Herbicide Use in Asian Rice Production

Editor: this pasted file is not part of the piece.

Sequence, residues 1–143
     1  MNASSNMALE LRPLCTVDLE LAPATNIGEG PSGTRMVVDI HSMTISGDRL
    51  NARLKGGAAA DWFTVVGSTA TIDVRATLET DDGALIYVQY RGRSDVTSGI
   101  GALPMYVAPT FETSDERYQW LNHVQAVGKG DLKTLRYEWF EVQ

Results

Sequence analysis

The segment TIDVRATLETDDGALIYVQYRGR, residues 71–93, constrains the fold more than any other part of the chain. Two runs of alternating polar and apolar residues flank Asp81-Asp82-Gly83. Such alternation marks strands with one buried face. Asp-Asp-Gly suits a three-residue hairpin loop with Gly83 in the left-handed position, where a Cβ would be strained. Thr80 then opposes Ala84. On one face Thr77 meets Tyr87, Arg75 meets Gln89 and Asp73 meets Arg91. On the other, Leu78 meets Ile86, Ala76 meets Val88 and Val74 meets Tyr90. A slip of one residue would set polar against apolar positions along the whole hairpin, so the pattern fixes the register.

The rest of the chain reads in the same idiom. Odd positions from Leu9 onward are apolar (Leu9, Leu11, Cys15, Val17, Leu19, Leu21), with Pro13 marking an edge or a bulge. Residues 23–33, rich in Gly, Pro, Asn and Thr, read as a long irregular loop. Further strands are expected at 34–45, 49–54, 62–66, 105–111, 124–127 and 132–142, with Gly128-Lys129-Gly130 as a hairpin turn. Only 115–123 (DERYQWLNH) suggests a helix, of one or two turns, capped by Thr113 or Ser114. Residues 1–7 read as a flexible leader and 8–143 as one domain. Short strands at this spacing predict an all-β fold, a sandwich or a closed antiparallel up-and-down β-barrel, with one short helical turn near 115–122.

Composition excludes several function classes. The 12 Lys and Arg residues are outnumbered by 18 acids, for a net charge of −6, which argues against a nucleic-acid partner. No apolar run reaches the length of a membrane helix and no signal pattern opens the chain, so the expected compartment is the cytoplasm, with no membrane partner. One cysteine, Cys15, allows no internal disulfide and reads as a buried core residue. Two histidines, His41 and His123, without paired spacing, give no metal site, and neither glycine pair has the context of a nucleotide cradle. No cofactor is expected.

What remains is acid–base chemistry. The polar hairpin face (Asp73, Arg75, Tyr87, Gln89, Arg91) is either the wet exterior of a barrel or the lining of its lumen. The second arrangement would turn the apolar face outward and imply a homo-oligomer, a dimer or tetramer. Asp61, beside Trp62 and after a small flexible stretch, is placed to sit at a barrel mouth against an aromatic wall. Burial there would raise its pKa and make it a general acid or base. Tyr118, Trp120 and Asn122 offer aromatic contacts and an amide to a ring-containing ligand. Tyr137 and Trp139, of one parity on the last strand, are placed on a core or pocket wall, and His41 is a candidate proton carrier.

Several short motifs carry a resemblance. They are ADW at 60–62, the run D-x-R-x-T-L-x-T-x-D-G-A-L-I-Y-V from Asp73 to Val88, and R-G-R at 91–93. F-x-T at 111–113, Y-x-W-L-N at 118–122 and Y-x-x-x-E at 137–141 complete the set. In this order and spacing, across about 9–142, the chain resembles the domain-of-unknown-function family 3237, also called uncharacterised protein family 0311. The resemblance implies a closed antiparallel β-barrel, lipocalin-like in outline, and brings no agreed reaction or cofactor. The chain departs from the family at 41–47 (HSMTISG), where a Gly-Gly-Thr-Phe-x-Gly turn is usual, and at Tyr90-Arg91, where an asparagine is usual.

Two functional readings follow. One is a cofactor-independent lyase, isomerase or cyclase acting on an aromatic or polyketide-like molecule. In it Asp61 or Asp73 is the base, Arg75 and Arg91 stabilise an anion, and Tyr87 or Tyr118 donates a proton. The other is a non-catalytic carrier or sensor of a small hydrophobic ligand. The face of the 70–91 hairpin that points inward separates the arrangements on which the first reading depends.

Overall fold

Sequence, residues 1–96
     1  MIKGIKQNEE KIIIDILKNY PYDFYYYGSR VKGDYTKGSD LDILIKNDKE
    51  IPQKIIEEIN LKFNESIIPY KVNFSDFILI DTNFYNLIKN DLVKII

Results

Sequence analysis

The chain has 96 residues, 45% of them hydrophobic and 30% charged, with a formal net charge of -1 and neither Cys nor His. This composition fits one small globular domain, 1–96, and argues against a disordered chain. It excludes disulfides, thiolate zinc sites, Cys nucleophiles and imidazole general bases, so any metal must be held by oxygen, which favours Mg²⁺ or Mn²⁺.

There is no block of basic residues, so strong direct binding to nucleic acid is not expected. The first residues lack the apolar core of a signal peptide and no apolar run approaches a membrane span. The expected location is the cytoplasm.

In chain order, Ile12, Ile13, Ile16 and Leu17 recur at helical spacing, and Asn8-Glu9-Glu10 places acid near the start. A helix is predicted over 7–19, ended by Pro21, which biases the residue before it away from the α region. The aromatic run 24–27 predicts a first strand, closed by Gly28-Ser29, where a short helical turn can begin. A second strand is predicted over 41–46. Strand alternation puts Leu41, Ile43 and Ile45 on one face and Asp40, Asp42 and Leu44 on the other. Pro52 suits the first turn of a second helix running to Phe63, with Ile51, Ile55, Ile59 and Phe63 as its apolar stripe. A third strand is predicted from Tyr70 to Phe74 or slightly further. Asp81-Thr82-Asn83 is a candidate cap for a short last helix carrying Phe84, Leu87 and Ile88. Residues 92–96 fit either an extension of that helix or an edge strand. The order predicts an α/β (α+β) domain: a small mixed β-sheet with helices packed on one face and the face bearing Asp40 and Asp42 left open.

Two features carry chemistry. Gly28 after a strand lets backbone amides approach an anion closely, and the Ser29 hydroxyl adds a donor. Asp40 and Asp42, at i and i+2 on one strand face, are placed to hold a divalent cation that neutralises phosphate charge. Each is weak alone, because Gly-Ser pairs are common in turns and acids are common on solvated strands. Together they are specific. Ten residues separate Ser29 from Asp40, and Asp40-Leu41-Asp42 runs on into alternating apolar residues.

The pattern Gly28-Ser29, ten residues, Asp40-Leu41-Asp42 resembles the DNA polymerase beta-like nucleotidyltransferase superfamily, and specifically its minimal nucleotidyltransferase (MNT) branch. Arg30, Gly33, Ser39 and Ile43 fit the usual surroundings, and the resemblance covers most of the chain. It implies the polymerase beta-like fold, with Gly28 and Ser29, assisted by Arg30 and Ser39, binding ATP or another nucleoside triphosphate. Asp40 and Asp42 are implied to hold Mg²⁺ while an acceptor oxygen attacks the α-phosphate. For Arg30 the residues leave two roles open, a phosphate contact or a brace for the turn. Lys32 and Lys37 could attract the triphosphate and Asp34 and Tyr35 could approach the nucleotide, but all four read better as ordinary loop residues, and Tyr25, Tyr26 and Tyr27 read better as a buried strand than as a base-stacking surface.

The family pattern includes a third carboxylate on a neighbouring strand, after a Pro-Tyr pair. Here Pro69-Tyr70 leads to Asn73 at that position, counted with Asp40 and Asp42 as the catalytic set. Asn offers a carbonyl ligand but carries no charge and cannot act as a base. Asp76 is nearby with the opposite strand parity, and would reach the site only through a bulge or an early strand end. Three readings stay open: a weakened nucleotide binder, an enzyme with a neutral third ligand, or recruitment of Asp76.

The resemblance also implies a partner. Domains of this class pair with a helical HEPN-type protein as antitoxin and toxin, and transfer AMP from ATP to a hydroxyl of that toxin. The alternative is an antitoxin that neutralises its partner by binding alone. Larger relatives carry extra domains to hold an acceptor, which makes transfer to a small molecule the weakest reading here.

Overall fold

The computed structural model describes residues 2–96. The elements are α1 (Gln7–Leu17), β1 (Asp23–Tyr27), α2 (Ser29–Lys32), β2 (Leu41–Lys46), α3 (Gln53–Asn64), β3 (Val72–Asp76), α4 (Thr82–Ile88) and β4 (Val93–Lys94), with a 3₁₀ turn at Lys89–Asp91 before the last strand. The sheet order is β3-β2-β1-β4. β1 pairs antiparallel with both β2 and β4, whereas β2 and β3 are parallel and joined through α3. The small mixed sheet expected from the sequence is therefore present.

Economic growth and rising labour costs in many regions of Asia have led to the widespread adoption of herbicides in rice production. This trend has been reinforced by the spread of direct seeded rice technologies that require chemical weed control in the early stages of crop growth to prevent substantial yield losses. Herbicide use has been shown to be privately profitable for Asian rice farmers, but the question remains as to whether it is socially profitable when environmental costs, health costs, and the societal costs of labour displacement in some economically stagnant regions are accounted for. This paper analyses the causes and potential environmental, health, and equity consequences of extensive herbicide use in Asian rice systems, and discusses the importance of an integrated weed management strategy for future rice production. Case studies from the Philippines and Indonesia are outlined. The research estimates the extent to which the net benefits of pesticide use is reduced when health costs and the opportunity cost of farmers' time during illness are brought into the analysis. In many Asian countries, herbicides are not used safely and in combination with other weed control practices to minimize labour displacement and environmental and health-related risks. Herbicides are mainly marketed by private chemical companies in most rice-producing areas and are not incorporated consistently into extension recommendations. A successful strategy depends critically on the coordination between public and private sectors in the design of herbicide recommendations and ultimately on the appropriate use of herbicides.